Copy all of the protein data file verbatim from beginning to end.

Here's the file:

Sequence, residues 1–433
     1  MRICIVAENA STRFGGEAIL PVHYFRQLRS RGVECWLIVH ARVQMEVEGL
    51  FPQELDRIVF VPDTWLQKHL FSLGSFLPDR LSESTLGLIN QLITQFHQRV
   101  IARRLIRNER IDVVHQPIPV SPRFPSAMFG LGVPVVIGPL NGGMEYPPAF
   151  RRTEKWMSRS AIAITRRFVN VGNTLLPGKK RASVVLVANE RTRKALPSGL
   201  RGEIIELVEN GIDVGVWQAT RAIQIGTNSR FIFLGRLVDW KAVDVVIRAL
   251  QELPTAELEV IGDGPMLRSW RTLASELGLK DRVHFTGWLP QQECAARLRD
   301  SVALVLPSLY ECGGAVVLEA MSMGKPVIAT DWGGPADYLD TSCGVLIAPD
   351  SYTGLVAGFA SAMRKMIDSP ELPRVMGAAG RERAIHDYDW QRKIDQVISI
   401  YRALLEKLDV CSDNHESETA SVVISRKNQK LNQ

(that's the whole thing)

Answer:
Sequence, residues 1–433
     1  MRICIVAENA STRFGGEAIL PVHYFRQLRS RGVECWLIVH ARVQMEVEGL
    51  FPQELDRIVF VPDTWLQKHL FSLGSFLPDR LSESTLGLIN QLITQFHQRV
   101  IARRLIRNER IDVVHQPIPV SPRFPSAMFG LGVPVVIGPL NGGMEYPPAF
   151  RRTEKWMSRS AIAITRRFVN VGNTLLPGKK RASVVLVANE RTRKALPSGL
   201  RGEIIELVEN GIDVGVWQAT RAIQIGTNSR FIFLGRLVDW KAVDVVIRAL
   251  QELPTAELEV IGDGPMLRSW RTLASELGLK DRVHFTGWLP QQECAARLRD
   301  SVALVLPSLY ECGGAVVLEA MSMGKPVIAT DWGGPADYLD TSCGVLIAPD
   351  SYTGLVAGFA SAMRKMIDSP ELPRVMGAAG RERAIHDYDW QRKIDQVISI
   401  YRALLEKLDV CSDNHESETA SVVISRKNQK LNQ